Department of Neurobiology, Harvard Medical School
Project Title: Graph analysis of cerebellar circuits and automated cell-type identification through machine learning
Project Summary: Electron Microscopy (EM) connectomics aims to build comprehensive maps of connections within an organism's nervous system. Serial EM provides us with detailed anatomical information about neurons and their connections.
Automated methods are needed to speed up the process of segmenting the neurons and reconstructing their 3D shape. In particular, Convolutional Neural Networks (CNN) are deployed to distinguish all the neurons and predict synapses locations. This project focuses on building a framework to perform an analysis workflow for neural networks of the cerebellar structure, highlighting the role of morphologies, whose functions is still unclear.
The EM data consists of lobule V and X of the mouse cerebellum. What lobule V is known for is general sensory motor control with clear somatotopic organization, lobule X is mainly involved in vestibular and visual functions and it is evolutionary older. The neural networks in these two areas can be compared in terms of their connectivity. To achieve this goal, graph theory plays a crucial role in the analysis: neurons are modeled as nodes and their synapses represent the edges. The built graph can answer several questions related to the over- and underrepresented motifs in the connectivity, but it can also give more more insights concerning the probability of connection.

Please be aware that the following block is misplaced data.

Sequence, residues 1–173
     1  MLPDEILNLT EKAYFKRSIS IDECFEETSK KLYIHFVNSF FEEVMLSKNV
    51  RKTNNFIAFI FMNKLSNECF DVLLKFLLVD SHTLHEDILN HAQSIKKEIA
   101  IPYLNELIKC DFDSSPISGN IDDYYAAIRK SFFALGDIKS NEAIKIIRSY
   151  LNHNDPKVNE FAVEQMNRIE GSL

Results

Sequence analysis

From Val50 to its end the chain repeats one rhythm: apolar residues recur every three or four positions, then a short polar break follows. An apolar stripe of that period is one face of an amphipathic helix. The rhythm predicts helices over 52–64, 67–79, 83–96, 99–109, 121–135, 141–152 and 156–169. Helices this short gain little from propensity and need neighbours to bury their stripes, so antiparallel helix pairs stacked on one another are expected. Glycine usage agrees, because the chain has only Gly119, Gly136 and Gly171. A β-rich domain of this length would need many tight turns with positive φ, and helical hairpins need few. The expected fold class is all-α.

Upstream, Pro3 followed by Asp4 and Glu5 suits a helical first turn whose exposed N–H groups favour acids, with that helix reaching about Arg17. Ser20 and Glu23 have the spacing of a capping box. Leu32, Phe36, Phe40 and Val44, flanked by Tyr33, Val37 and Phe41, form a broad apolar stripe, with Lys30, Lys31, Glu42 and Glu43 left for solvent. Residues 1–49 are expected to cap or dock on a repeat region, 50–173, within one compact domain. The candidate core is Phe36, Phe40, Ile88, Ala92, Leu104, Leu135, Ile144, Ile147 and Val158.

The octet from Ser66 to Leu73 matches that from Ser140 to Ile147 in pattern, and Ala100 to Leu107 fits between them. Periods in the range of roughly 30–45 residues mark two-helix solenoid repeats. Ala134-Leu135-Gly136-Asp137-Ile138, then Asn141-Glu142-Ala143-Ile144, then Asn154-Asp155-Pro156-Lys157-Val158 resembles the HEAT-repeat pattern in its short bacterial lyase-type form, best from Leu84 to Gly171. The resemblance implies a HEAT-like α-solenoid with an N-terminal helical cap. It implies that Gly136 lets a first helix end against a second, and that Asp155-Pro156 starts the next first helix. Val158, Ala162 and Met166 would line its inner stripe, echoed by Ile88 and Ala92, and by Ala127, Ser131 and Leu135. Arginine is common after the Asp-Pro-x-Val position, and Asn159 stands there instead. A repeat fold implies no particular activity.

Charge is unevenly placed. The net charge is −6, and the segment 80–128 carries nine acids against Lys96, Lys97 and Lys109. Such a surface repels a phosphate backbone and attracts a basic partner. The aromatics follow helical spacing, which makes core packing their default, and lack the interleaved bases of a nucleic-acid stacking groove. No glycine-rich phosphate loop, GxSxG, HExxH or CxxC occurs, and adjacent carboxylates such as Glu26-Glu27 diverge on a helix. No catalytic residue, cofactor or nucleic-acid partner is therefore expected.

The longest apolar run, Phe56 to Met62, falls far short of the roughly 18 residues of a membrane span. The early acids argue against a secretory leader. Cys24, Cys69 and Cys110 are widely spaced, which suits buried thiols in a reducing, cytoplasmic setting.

Eventually, machine learning and deep learning approaches will be explored to better classify the different cell types.